Kimbrough argues that the ALJ did not properly evaluate impairments resulting from his HIV infection under Listing 14.08. "In considering whether a claimant's condition meets or equals a listed impairment, an ALJ must discuss the listing by name and offer more than a perfunctory analysis of the listing." Barnett v. Barnhart, 381 F.3d 664, 668 (7th Cir. 2004); Cirelli v. Astrue, 751 F.Supp.2d 991, 1002-03 (N.D.Ill. 2010). Whether an impairment equals a listing "is a medical judgment, and an ALJ must consider an expert's opinion on the issue." Id., at 670. Moreover, "[a]n ALJ is required to 'meaningfully discuss why a claimant does not medically meet a Listing and failure to engage in such an analysis is grounds for reversal.'" Ribaudo v. Barnhart, 438 F.3d 580, 584 (7th Cir. 2006).
Kimbrough has pointed to medical evidence in the record that could possibly support a finding that his condition meets or equals a listing. The ALJ's entire discussion on this point consists of the lone sentence, "The claimant's HIV does not meet or equal Listing 14.08, human immunodeficiency virus (HIV) infection." Period. The ALJ did not discuss any subsection or criteria of the Listing nor any of the medical evidence supporting his conclusion and is devoid of any analysis of the evidence identified by Kimbrough that would permit meaningful judicial review. A similar analysis was found to be insufficient in Brindisi v. Barnhart, 315 F.3d 783, 786 (7th Cir. 2003), where the Seventh Circuit noted that the failure to discuss a listing, "combined with an otherwise perfunctory analysis, may require a remand." See also, Button v. Astrue, 2012 WL 3096690, at *7 (N.D.Ill. July 30, 2012) (finding the one sentence assertion that a claimant did not satisfy a listing with no stated rationale or discussion to support that conclusion to be insufficient.)
The omission of any discussion of [the claimant's] impairments in conjunction with the listings frustrates any attempt at judicial review . . . . Such a lack of reasoning prevents us from applying the decision structure undergirding disability determinations to a substantive analysis of [the claimant's] impairments.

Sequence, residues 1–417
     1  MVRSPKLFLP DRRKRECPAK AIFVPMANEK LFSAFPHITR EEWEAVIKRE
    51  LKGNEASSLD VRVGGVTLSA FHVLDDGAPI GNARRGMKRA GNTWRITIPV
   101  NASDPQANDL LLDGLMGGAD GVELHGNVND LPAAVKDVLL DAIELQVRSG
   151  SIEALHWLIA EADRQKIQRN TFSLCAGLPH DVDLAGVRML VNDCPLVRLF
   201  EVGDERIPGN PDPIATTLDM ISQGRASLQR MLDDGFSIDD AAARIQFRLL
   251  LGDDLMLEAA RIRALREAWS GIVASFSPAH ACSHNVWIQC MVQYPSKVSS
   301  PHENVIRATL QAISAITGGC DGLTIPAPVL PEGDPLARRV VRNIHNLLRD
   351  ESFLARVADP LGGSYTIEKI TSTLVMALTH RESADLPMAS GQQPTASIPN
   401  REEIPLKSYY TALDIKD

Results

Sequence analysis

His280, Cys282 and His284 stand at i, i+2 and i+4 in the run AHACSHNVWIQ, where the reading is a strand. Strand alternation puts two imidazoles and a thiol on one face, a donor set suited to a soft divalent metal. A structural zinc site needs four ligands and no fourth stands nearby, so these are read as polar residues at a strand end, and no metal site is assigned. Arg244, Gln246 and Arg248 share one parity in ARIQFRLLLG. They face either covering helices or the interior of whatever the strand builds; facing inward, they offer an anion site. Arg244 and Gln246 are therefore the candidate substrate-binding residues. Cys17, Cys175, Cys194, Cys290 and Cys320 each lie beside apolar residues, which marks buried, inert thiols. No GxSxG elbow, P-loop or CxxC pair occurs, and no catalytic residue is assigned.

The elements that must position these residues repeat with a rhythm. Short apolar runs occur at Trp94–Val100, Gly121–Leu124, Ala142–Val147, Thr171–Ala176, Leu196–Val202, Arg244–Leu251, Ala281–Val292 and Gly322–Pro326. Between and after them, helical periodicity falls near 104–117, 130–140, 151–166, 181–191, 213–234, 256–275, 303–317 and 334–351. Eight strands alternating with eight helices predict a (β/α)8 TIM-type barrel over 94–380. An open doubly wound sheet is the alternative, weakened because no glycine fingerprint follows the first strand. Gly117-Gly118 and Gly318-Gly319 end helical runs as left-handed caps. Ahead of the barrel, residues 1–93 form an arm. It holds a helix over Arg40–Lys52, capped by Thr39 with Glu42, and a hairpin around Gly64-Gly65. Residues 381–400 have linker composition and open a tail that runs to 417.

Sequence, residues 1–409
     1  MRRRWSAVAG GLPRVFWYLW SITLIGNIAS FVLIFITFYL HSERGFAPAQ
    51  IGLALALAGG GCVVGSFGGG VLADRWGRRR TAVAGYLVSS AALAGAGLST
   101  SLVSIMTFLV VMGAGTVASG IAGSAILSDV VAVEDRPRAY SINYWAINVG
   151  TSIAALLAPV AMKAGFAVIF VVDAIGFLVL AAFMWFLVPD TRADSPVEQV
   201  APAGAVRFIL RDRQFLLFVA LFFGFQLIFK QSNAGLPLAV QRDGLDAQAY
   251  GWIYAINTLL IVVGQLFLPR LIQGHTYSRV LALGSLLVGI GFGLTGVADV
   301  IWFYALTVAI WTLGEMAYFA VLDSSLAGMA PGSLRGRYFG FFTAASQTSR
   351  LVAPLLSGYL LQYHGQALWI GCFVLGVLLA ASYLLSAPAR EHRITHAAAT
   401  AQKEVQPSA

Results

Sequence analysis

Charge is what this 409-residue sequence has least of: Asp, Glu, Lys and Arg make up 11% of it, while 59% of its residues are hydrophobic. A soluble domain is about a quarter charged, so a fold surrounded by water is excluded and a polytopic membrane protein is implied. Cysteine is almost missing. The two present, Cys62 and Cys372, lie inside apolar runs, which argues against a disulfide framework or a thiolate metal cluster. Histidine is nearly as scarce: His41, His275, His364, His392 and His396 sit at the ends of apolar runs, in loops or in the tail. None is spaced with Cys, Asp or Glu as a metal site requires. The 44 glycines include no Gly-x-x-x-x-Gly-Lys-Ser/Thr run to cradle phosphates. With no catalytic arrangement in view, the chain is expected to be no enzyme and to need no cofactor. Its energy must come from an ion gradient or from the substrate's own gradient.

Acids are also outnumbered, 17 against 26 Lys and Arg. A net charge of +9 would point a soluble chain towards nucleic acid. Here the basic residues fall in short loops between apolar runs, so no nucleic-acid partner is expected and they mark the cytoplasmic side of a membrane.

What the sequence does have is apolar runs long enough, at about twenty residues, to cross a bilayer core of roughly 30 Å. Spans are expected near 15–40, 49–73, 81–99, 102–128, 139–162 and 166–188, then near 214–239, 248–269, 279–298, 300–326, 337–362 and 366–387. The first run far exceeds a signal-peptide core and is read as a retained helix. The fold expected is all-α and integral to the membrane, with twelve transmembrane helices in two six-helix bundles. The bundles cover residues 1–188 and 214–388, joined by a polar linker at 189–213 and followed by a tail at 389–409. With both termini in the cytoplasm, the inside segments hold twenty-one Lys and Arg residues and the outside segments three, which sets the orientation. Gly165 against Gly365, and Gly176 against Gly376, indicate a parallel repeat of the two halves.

Id.; Scott v. Barnhart, 297 F.3d 589, 595 (7th Cir. 2002).
The Commissioner argues that there was sufficient medical evidence in the record to support the ALJ's conclusion that Listing 14.08 was not satisfied. While it may sometimes be appropriate to scour the record in the case in order to build a better bridge than that built by the ALJ, that is not the case here. As stated so eloquently in Button:
[The Court] decline[s] to speculate what the ALJ would have said had he actually memorialized the analysis of the record evidence that the Commissioner argues it is possible that he engaged in here. The evidence discussed by the parties in their briefs is sufficiently nuanced and disputed that the Court cannot, and should not, engage in the close analysis of that evidence that, in the end, may or may not support the ALJ's summary conclusion that Claimant's condition does not meet or equal a specified listing.
Id. The Court therefore concludes that the Commissioner's post hoc rationalizations, however persuasively presented, cannot rehabilitate the ALJ's perfunctory, one sentence dismissal of Listing 14.08, as it is "the ALJ (not the Commissioner's lawyers) [who] must build an accurate and logical bridge from the evidence to [his] conclusions." Steele v. Barnhart, 290 F.3d 936, 941 (7th Cir. 2002).
For the reasons set forth herein, Plaintiff's Motion for Summary Judgment  is GRANTED, and the Commissioner's Motion to Affirm  is DENIED. This matter is now REVERSED and REMANDED to the Commissioner for new hearing to correct the above discussed deficiency pursuant to sentence four of 42 U.S.C. § 405(g), which authorizes the Court "to enter, upon the pleadings and transcript of the record, a judgment affirming, modifying, or reversing the decision of the Commissioner of Social Security, with or without remanding the cause for a rehearing." 42 U.S.C. § 405(g). This matter is now terminated.
James E. Shadid